But the worst was yet to come. Shortly after setting off from Camp 1 with the younger sherpa, who had thankfully shot up through the icefall to meet me, I started feeling an acute pain on the left side of my chest. I slowed down trying to catch my breath, but even when I stopped, the pain wouldn’t go away… it got worse and extended through my left arm. With all the knowledge acquired in hours of medical TV shows, I self-diagnosed that I was probably having a heart attack. I asked the sherpa to radio to Base Camp and tell our western guide (who had not come up the mountain with us… yeah, as I said, this outfitter is not best-in-class) to send help… but the radio didn’t work. By then we were already on the Khumbu Icefall, and according to the sherpa only had about 4 hours to get down, so I figure I was better off moving down.
The sherpa nonchalantly took my backpack and attached it to the huge one he was already carrying. We slowly made it down, navigating the maze of ice which already felt different from two days ago. A few times, I needed to rappel down, or climb down a double ladder, and I don’t know if I would have been able to do it without his help. Eventually, Base Camp came in sight, though it still felt like it was unreachable. But after a couple hours of not dying, I changed my self-diagnostic to pulmonary edema, and I thought I would survive as long as I kept moving. It was rather anticlimactic when we suddenly made it to the end of the fixed rope, though it still took us an absurd amount of time to make it out to the camp after that. When we were approaching our dining tent, I saw our western guide, who immediately made a joke about the way I look… and he wasn’t wrong, I was walking like a drunk, holding my left arm tight, and tears of panic and relief were running through my cheeks. He also quickly assessed my physical condition, and broke the news that no, I wasn’t having a heart attack nor an edema, I “just” had an intercostal muscle strain derived from the Khumbu cough I had been suffering the last couple of days.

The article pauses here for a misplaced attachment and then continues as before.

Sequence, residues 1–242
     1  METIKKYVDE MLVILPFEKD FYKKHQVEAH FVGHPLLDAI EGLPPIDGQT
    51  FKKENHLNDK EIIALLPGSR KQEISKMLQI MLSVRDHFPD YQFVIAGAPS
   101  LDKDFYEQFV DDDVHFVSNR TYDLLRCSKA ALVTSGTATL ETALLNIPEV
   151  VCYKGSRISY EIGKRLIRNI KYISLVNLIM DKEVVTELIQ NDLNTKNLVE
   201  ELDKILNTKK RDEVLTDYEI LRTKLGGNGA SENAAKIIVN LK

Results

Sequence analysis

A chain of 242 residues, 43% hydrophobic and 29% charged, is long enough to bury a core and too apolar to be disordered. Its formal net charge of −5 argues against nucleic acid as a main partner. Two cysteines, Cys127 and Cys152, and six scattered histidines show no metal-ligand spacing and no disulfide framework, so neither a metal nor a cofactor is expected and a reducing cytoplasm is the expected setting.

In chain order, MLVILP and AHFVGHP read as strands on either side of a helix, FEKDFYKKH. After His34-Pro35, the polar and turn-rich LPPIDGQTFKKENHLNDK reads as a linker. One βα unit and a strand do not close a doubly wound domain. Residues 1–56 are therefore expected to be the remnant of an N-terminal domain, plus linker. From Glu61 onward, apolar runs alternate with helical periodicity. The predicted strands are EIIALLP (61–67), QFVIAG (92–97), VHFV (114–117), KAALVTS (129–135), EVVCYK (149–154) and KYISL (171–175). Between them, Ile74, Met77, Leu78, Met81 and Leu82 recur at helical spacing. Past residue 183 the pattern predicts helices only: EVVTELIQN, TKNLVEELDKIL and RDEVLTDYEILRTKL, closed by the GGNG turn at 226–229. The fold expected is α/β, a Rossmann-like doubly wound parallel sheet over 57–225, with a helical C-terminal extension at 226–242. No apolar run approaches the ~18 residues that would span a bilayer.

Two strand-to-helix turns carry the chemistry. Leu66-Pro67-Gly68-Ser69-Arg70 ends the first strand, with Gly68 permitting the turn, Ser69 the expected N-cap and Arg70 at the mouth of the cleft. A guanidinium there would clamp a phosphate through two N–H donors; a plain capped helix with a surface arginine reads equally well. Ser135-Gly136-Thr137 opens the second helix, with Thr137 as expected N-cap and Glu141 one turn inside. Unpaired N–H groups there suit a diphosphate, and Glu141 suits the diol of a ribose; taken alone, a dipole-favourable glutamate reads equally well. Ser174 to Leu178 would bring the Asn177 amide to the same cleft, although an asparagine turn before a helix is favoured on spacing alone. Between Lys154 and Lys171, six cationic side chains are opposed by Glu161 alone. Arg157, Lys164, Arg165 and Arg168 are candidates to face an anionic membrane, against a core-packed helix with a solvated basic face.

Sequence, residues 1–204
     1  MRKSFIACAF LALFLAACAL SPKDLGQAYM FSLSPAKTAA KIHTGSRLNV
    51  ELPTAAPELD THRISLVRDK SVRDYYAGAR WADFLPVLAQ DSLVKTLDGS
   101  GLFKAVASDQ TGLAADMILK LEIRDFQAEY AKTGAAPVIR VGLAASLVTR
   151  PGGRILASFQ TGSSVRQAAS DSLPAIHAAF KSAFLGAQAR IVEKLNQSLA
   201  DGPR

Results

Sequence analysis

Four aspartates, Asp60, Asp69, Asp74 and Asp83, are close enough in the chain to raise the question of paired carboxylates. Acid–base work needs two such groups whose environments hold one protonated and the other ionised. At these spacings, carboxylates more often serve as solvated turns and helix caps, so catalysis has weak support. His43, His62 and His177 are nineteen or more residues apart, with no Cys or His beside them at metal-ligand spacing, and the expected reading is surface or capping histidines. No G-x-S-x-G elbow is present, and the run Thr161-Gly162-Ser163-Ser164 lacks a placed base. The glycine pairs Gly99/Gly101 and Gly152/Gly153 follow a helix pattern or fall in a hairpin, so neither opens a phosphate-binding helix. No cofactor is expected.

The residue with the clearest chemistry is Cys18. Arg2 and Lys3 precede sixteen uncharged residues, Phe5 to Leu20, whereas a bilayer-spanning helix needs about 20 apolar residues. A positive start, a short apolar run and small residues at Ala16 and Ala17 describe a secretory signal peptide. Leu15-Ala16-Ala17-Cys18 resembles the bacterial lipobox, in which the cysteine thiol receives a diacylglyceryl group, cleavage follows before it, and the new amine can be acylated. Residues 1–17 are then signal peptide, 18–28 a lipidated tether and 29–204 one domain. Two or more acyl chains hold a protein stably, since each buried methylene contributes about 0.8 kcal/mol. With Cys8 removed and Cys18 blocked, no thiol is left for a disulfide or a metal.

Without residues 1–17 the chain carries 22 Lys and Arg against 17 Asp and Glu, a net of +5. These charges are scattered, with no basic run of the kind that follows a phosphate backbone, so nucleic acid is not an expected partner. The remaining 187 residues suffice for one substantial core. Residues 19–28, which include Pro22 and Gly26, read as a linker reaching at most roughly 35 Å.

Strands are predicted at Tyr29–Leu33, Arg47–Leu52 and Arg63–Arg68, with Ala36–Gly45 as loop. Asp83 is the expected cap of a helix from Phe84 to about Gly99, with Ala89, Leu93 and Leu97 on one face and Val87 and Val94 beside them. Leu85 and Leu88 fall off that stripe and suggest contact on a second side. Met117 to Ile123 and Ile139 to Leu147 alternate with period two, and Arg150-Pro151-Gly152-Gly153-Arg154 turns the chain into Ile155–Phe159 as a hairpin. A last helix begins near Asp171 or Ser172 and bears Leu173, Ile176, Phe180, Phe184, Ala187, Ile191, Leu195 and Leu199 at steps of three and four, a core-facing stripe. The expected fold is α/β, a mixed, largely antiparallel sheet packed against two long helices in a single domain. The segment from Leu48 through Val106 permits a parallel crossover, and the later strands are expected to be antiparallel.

I sat in the dining tent for a couple hours, trying to digest the events from the last three days, and enjoying the first decent meal in the same period. I decided I was ready to leave Everest, and I didn’t need to come back to attempt the summit. The experience absolutely amazing, and it had been enough for me. I packed my stuff that evening, gave the sherpas all the money I had left, and started the treacherous hike back early the next morning. I probably should have rested a bit, but I couldn’t wait to get to a decent bed, to shower, to be warm, to have my body heal. I powered through past Tengboche on my first day, about 10 hours of non-stop hiking. And then did a similar time to Lukla, arriving shortly before sunset, mainly because I took a remarkable 2-hour break in a bakery in Namche. After a short flight and a very long ride from the Ramechhap airport (the Kathmandu one was under construction), I arrived in Kathmandu. I looked terrible, my face was so sunburnt that I felt like I was wearing a mask (I didn’t reapply sunscreen on the way down from Camp 1, I had more pressing concerns), I was still coughing non-stop, both intercostal muscles were now strained, and my legs felt so tight I could barely move. And yet I couldn’t stop smiling.